Why does it take so much input from so many sources for Pandora to build perfect playlists? Fast Company spoke with with Tom Conrad, the CTO and Executive VP of Product, to find out.
The one thing you can know absolutely about a piece of music is what musicological constructs are at work in a song. If you can understand that, you can, by extension, find other songs that are musicologically similar. Which means songs don’t have to be popular or well-known to be able to participate in the Music Genome Project system, since it’s based on underlying musical attributes. And oh, by the way, it turns out peoples’ musical preferences are hugely influenced by what the music sounds like.
Since its inception, SoundExchange, the organization that collects royalty payments from digital music services like Pandora, has brought in more than $900 million—$292 million of which it collected last year alone. But how much of a cut does SoundExchange take for itself? Nothing, other than for operating and administrative costs.
What do Adele, the British chanteuse so ubiquitous she inspired a Saturday Night Live skit, and Tyler, the Creator, an L.A. rapper fond of rhymes about rape and murder, have in common? Their label, XL Recordings.
Tuba player in need of a guitarist? Violinist in need of a drummer? Soundslates is a new site that helps aspiring musicians collaborate, no matter where they live.
Many, many years ago, back when there was such a thing as a Classifieds page, This American Life’s Starlee Kine wondered if she could bring together musicians advertising their services to form what she called a one-day band. (Spoiler: They put together a kind of awesome rendition of “Rocket Man.”) The Classifieds section may be a relic of the past, but lonely musical hearts are not. That, at least, is the theory behind Soundslates, a website that launched in beta on New Year’s Day. Soundslates is some amalgamation of a social network and jobs board, and it hopes to bring musical soulmates together across the boundaries of space.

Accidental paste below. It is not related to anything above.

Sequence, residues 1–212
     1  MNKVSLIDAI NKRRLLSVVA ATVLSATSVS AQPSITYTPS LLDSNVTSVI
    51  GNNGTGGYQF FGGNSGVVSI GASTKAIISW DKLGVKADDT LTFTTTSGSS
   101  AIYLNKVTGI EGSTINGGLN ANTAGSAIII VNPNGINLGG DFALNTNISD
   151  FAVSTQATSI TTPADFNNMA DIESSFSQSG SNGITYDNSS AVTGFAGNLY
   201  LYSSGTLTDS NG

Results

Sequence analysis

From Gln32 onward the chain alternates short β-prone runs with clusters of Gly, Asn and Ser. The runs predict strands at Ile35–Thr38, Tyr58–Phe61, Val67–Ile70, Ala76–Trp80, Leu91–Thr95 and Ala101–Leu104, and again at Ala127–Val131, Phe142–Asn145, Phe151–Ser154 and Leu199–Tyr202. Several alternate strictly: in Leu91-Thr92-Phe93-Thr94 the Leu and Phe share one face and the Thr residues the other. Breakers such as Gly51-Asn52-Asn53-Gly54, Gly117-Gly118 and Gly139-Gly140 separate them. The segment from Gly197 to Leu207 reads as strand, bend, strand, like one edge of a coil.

Google launched its long-overdue music store today, roughly eight years into the reign of Apple’s iTunes Store, which just sold its 16 billionth song. Clearly Google has a lot of catching up to do—and that’s just with Apple. Amazon has had a digital music store since 2007 that’s known for its aggressive pricing, while Facebook recently integrated third-party streaming services such as Spotify, Rhapsody, Rdio, and MOG.
“Coldplay’s haunting classic ‘The Scientist’ is performed by country music legend Willie Nelson for the soundtrack of the short film entitled, “Back to the Start.” The film, by film-maker Johnny Kelly, depicts the life of a farmer as he slowly turns his family farm into an industrial animal factory before seeing the errors of his ways and opting for a more sustainable future. Both the film and the soundtrack were commissioned by Chipotle to emphasize the importance of developing a sustainable food system.”
I’m not a Chipotle-eater, but this is pretty cool. (Thanks Ben, for the look.)